Study: Teen boys see MD visits as weakness

Healthcare researchers already know that as boys become men, they visit the doctor less often, sometimes because of costs or lack of health insurance. Now, a new study suggests that problem is deeper than that. The study, by the Johns Hopkins Children's Center, suggests that 15- to 19-year-olds see visits to doctors as a sign of weakness. Researchers, who looked at data from 1,700 young men, also noted that the young men's parents may not be encouraging them to get annual exams either, though most mothers prompt their daughters to do so. Roughly half of the study group of young men responded positively to "macho" statements as "It is essential for a guy to get respect from others." These same young men were less likely to get regular examinations. But boys who spoke regularly to their folks about sexual issues--particularly their fathers--were more likely to seeing a physician. Even if these young men do make it in to get a checkup, however, few doctors talk to boys about such critical health issues as birth control and STDs, researchers found.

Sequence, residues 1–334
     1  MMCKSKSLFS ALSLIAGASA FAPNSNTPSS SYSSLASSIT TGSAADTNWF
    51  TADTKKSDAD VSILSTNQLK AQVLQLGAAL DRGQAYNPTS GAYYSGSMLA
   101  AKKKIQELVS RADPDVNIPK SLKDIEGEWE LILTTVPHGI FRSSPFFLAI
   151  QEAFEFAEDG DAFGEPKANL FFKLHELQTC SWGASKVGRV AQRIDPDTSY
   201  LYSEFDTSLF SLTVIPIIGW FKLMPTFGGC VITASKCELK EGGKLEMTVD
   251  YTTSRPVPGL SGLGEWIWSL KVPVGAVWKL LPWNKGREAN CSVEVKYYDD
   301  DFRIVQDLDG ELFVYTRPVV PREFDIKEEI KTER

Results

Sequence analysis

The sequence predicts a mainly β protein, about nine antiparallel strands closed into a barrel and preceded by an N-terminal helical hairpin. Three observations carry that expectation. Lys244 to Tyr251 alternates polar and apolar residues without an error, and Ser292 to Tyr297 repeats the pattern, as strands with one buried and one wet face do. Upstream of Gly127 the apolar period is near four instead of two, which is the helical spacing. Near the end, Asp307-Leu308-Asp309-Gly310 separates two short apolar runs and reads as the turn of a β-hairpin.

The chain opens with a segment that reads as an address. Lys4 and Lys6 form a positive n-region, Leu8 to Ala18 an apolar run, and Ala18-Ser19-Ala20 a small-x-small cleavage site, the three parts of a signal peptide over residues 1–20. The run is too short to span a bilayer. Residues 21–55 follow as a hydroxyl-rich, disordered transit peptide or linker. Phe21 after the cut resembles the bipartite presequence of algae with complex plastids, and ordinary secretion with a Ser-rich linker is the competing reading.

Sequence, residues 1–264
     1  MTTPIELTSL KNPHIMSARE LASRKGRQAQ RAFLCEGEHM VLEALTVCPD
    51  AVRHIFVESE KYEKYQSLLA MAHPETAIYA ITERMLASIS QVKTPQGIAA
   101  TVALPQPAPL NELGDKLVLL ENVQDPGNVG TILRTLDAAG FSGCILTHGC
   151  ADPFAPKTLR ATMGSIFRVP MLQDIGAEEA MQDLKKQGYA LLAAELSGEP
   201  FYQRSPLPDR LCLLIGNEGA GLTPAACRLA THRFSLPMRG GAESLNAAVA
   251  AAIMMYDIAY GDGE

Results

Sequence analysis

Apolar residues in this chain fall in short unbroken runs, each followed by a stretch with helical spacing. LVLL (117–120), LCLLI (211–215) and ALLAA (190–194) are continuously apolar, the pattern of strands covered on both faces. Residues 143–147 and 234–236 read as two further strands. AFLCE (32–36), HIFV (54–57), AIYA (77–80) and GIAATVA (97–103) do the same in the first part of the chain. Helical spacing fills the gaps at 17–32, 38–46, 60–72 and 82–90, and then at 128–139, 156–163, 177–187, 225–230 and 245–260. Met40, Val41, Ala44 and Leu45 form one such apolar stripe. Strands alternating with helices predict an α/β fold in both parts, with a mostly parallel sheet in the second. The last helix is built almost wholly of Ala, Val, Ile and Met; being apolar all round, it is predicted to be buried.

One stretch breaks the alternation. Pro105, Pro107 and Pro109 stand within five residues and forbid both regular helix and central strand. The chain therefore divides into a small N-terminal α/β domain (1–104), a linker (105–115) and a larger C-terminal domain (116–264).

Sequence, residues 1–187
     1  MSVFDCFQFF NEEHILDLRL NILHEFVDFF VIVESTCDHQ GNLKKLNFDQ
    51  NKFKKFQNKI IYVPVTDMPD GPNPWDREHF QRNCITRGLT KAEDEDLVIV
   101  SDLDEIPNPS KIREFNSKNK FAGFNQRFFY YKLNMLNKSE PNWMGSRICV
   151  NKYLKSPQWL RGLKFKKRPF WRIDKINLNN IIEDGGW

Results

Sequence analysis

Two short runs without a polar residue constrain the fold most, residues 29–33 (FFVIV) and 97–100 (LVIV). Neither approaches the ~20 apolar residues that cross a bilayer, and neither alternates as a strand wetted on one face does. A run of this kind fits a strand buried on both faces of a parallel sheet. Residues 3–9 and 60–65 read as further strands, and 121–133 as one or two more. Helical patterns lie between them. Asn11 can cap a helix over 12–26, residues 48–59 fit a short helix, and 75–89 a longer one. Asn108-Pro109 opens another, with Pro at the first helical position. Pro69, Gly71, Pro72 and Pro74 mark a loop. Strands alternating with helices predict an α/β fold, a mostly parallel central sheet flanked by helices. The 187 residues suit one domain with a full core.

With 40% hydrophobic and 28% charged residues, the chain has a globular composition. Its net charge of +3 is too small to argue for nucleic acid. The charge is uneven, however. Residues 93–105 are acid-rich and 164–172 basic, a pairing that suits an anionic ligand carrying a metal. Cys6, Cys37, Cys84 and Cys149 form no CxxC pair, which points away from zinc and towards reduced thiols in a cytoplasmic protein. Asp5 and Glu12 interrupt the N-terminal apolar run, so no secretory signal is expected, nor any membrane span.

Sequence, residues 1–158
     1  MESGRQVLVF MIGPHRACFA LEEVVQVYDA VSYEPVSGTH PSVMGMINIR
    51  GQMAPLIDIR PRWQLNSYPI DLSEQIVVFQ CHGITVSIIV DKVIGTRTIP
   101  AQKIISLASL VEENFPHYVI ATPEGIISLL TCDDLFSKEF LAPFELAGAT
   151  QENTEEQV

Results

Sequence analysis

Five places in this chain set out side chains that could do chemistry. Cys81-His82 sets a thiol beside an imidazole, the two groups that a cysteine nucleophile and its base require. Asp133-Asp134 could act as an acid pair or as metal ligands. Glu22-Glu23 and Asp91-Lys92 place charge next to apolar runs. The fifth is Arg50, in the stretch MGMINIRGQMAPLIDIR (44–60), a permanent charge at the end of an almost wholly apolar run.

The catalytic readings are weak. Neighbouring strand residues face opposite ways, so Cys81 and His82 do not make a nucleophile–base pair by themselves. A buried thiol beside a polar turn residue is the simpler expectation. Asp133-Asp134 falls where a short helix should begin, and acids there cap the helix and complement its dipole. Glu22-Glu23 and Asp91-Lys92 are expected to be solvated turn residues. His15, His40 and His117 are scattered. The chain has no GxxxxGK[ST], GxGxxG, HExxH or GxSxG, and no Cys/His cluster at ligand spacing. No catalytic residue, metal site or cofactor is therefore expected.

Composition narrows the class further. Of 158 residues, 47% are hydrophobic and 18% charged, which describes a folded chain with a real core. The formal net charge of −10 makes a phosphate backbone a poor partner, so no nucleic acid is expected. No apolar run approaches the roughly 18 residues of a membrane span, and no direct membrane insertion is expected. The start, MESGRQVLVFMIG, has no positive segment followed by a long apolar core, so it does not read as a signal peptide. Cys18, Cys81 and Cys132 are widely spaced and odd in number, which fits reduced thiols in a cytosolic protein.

To get more information on the study:
- read this piece from The Washington Post

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